I realized the other day, that at least six of my friends have had affairs.
And they’ve all told me the same thing:
“I was not attacked by a naked, hott woman who fell out of the sky.”
None of them were driving to work on an average Thursday, when suddenly, inexplicably they found themselves in the middle of an extramarital affair. Like a Lady Gaga video come to life, the roads were suddenly jam packed with hott ladies. It was borderline unavoidable when you think about it. It just sort of happened.
Sometimes, that’s how we like to pretend sin works. But it doesn’t. All of my friends said the same thing: “She gets me. You wouldn’t understand. We have a connection. This is different.” They all took little steps, but we hate to hear that.
We want to believe that we’re just going about a normal day when all of the sudden, that thing we struggle with, jumps out of the bushes like the spying little brother in “Can’t Buy Me Love,” and surprises us. What? I embezzled money? How did that happen? What? I’m doing drugs? No! What? I’ve spent 6 straight hours watching Internet porn? Get out of here! How did that happen? I wasn’t even aware they had porn on the world wide webs!
Surprise is fun because it puts the blame on something or someone other than ourselves. You see that all the time in pop culture. A professional football player was recently accused of steroids. His excuse, “I didn’t do steroids, I have ‘over trained athlete syndrome.’” Or a professional baseball player once admitted using steroids but only for health reasons. Right. As in, “My salary would get healthier if I hit a lot more homeruns.”
Come on, sin doesn’t parachute into our lives like that. I wish it did, but it doesn’t. Sin is typically a death by a thousand cuts. It’s not a catapult moment. Not for us, and not all throughout the Bible.
In Luke 15, in the Prodigal Son story, we often assume that when the father paid the disobedient son his inheritance, he instantly jumped on a huge Wipeout style trampoline and jumped his way clear to prostitute town. But that’s not what happened, in fact verse 13 says,
“And not many days after, the younger son gathered all together, and took his journey into a far country, and there wasted his substance with riotous living.”
He packed his bags over a period of days and then left. He did little things. He arranged his stuff. He got ready. And then he left.
Lot is no better.
In Genesis 13:12, we’re told he “pitched his tents near Sodom.” A chapter later, we’re told “he was living in Sodom.”
That’s how life works sometimes. We tend to turn “near” into “in.” We spoon sin for a time. We flirt with it. But eventually, we give in. Emotional affairs tend to turn into physical affairs. Small pockets of gossip turn into gallons of malice. Cheating mutates into stealing. The little things give birth to the big.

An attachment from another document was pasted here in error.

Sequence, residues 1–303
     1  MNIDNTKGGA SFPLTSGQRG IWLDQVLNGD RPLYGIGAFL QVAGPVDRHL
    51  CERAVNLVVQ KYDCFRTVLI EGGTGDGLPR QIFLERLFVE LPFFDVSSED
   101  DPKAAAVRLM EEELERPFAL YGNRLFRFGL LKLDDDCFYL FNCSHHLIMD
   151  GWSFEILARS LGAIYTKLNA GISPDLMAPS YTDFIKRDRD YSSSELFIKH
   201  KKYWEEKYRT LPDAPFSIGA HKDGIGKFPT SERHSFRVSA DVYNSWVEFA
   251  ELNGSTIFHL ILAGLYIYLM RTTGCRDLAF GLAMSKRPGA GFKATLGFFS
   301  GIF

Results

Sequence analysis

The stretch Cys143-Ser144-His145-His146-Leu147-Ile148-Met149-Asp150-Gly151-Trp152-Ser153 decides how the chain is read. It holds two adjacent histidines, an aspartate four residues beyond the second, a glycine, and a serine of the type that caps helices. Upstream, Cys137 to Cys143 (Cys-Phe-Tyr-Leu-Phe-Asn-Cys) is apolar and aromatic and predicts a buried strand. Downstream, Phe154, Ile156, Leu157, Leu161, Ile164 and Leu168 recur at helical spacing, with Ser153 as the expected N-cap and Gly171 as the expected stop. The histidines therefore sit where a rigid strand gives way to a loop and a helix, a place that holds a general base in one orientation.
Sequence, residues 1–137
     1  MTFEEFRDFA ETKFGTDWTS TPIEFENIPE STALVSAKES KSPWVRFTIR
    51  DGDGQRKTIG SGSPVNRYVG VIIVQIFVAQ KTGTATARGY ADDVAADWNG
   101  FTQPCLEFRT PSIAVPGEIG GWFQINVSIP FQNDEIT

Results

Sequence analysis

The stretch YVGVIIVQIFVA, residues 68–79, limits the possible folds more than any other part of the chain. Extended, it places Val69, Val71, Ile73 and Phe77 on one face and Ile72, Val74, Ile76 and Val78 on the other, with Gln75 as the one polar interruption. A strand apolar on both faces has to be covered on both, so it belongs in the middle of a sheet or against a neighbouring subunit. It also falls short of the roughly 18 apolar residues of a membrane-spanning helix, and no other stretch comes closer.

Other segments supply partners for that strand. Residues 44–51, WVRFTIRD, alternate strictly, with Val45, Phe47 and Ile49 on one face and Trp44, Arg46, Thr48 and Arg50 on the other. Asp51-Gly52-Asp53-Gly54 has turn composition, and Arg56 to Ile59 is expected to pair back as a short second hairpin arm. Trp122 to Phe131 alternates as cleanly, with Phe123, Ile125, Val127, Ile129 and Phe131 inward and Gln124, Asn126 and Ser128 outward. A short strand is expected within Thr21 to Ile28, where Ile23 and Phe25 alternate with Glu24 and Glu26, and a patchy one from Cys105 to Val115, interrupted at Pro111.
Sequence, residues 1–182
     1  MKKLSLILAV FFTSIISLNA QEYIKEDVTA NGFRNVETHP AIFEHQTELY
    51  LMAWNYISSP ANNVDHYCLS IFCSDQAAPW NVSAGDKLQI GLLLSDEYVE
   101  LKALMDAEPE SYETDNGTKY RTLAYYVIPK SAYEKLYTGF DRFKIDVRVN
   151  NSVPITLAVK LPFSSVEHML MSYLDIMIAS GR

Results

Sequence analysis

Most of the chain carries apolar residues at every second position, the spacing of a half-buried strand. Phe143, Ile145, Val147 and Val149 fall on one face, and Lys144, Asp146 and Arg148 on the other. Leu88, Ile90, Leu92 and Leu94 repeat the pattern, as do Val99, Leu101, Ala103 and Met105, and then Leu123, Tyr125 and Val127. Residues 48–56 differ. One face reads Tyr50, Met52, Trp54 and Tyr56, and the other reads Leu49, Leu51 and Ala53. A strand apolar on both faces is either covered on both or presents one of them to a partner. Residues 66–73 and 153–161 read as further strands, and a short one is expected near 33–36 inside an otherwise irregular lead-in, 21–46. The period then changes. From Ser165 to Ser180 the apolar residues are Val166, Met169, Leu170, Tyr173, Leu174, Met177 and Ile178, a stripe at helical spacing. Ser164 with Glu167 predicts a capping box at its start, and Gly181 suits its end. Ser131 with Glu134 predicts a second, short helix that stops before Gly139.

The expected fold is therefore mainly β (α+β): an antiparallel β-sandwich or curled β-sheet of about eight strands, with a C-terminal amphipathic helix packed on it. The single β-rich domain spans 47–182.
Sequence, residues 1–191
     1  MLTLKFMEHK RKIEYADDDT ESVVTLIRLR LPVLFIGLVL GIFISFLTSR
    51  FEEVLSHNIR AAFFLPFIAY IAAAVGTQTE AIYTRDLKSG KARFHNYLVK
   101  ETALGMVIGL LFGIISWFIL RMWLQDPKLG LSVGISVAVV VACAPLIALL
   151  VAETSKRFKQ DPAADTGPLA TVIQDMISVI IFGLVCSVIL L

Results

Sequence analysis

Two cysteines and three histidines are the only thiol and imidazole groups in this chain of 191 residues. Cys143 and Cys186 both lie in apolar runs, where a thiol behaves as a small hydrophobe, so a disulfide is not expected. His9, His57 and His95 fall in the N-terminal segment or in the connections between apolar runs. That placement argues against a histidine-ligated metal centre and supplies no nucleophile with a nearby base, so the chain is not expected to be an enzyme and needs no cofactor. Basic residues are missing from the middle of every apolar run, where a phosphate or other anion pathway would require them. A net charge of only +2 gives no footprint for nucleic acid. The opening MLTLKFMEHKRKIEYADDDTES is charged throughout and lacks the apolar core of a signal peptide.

So what do we do? How do we deal with this?
How do we remember to fight off the deadly geography of sin? The near vs. in issue?
I think we do what Joseph did.
In Genesis 39, Potiphar’s wife, who should have been on “Real Housewives of Egypt,” hits on him. As we discussed recently, he shot blocks her like the famous Boston Celtic Shaquille O’Neal. And then there’s a tiny detail that’s easy to miss. In verse 10, the Bible is keen on making a small, but critical distinction.
Here is what the verse says:
“he refused to go to bed with her or even be with her.”
The last part is the key. “Or even be with her,” is the phrase that’s most interesting to me. Unlike Lot, unlike me a lot of times, Joseph increased the geography between himself and Potiphar’s wife. He didn’t act like nothing had happened. He recognized the small step, the small temptation and refused to give into the “lie of near.”
I can be near this thing without getting in trouble.
I can be near without going over some imaginary line I’ve made up.
I can handle near.
Lot couldn’t. Joseph couldn’t. I can’t.
Sin and temptation for me are like the raptors in Jurassic Park, constantly testing the fence to find a weak spot and work their way into my life. Online, offline, they are always poking.
And if I go down the path of near, I end up doing what the prodigal son did, I pack my bags. Maybe slowly at first, but it’s only a matter of steps until my suitcase is full.
If you’re packing today, I hope you’ll stop. If you’re telling yourself geography lies like, “I can handle this, I can survive near,” or “I’ve just got a flirty personality that comes out online,” I hope you’ll pull a Joseph and not a Lot.
I hope you’ll remember the truth about the geography of sin.